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Al Pacino sat down for a wide-ranging conversation Wednesday night in New York, touching on everything from his early days on The Godfather and his decision to turn down Star Wars to his views on retirement.
The 82-year-old star sat down with David Rubenstein as part of the 92nd Street Y, New York’s “People Who Inspire Us” series for an hourlong chat, where he looked back on his career and revealed he is currently writing a memoir. “You get to that age, you start to do things like that. I stayed away from it, but I think I’ve got to sort of talk about certain things,” Pacino said. “It’s fine, I have kids and all, it’d be a good idea, and I’m working on it,” noting his co-author was in the audience.
Starting with his big break in The Godfather, Pacino first asked the crowd who had seen recent Paramount+ series The Offer, which follows the behind-the-scenes making of the 1972 film. “I watched it and about half of it was true. Really, that’s a shock,” the actor said. He recalled starting work on The Godfather, and after the first day of shooting, “Diane Keaton and I got drunk and thought, ‘This is it, our careers are over. This is a mess.'”
The film obviously ended up being far from a mess, going on to receive 11 Oscar nominations. Rubenstein asked Pacino if he was upset that Marlon Brando was nominated (and won) best actor while Pacino was recognized as supporting actor, though Pacino had more lines in the film. “How does a story like that get out? I wasn’t upset, are you kidding me?” said Pacino, explaining that he didn’t go to the ceremony that year “not because of that. Let’s clear the air on that one. I’d been hearing about that up the grapevine.”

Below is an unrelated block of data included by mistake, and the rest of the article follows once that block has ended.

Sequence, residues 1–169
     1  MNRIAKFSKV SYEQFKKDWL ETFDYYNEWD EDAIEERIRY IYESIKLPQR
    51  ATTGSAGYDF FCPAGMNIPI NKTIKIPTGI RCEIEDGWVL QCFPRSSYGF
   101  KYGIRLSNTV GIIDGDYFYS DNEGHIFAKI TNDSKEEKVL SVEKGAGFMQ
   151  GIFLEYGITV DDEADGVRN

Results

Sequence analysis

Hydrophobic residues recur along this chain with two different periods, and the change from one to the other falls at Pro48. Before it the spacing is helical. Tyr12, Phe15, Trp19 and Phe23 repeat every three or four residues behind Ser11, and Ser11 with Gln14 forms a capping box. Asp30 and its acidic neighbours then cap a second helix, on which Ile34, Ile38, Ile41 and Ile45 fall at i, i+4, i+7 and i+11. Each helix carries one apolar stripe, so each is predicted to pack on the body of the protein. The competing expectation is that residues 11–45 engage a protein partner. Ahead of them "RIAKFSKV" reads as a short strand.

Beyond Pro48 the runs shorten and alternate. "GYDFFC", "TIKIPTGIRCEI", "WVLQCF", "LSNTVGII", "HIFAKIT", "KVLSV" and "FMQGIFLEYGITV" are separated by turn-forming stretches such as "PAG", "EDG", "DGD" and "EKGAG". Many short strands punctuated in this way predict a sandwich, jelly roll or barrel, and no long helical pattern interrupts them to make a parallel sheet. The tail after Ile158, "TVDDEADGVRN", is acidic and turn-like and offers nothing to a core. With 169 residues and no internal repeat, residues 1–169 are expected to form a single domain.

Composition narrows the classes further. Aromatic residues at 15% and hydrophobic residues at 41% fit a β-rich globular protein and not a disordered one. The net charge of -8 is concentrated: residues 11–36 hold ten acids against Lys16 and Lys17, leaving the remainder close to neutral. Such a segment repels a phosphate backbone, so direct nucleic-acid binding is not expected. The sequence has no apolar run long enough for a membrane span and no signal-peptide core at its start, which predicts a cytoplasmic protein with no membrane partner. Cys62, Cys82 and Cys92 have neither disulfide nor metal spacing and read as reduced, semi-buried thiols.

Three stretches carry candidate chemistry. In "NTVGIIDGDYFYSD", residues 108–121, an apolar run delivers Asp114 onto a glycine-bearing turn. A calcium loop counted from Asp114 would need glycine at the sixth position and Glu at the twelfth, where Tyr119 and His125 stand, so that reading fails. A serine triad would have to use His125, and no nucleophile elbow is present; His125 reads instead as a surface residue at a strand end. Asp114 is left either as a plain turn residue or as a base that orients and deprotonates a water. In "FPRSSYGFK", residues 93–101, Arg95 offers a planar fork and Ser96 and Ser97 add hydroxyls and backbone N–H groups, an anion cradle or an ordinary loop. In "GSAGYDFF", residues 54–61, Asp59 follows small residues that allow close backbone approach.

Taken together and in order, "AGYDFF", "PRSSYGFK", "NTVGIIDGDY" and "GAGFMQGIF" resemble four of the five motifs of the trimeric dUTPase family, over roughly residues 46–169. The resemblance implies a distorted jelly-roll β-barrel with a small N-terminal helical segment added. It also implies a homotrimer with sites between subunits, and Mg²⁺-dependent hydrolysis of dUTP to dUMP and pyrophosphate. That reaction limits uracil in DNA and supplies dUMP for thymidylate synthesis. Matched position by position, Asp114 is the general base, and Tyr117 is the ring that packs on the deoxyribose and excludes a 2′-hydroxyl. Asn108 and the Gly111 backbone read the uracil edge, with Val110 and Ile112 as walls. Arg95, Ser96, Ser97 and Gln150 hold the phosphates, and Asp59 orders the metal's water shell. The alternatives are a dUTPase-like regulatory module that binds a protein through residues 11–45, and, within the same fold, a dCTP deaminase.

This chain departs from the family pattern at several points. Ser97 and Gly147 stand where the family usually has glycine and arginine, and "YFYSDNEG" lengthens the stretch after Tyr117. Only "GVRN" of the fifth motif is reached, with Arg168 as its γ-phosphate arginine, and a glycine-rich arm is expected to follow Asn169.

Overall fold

Rubenstein also asked Pacino if he thought The Godfather Part II was superior to The Godfather, to which the star replied, “No, I don’t. I really think it’s more — what would you call it — artistic or something, I don’t know. I don’t mean to play it down and be overly modest because I star in it with Bob de Niro, but at the same time, it’s a different film.”
“You see, The Godfather is more entertaining. Godfather II is this study, this personal thing for Francis [Ford Coppola],” Pacino continued. “Godfather I, I saw it recently, it’s always got two or three things going on in a scene. You’re always in the story, you’re going. You don’t know what’s going to happen next, it’s storytelling, it’s really storytelling at its best. Godfather II sort of linearizes, and [it’s] kind of different, somber, moves slowly. But it’s a great movie, I have to say.”
He also reflected on his later roles in Serpico, Dog Day Afternoon and Scarface. When asked if there were any roles he regretted passing on, he noted, “I turned down Star Wars” when he was new on the scene and being offered anything and everything to play.
“So I was there and all of a sudden they gave me a script that was called Star Wars. I said, ‘I got the script, they offered me so much money, but I don’t understand it,'” eventually deciding he couldn’t do it for that reason. He joked, “I gave Harrison Ford a career, which he has never thanked me for!”
After nearly 50 movies, Pacino said he currently has four more on the schedule and hopes to do an adaptation of King Lear next year. When Rubenstein asked about retirement, the actor joked, “I’m always retired. I was retired when I was 25. I mean, who cares? Please don’t call it retired, I just don’t want to work anymore.”
“I don’t know, sometimes I just don’t want to do it as much. I like the lead-up to it, you know what I mean? It’s sort of like foreplay or something. I like to get there and then see, ‘Will I make it? Will I not make it? That kind of thing. I don’t know anymore,” he continued, putting his hands on his knees. “I wake up in the morning, I sit at the edge of the bed like this. And I think, ‘Is it really possible that I’m gonna get through this day?’ And then I think, ‘But I did say that yesterday, and I said it the day before and the day before that, and I got through it.’ I said that this morning, ladies and gentlemen, and you’re seeing him today!”
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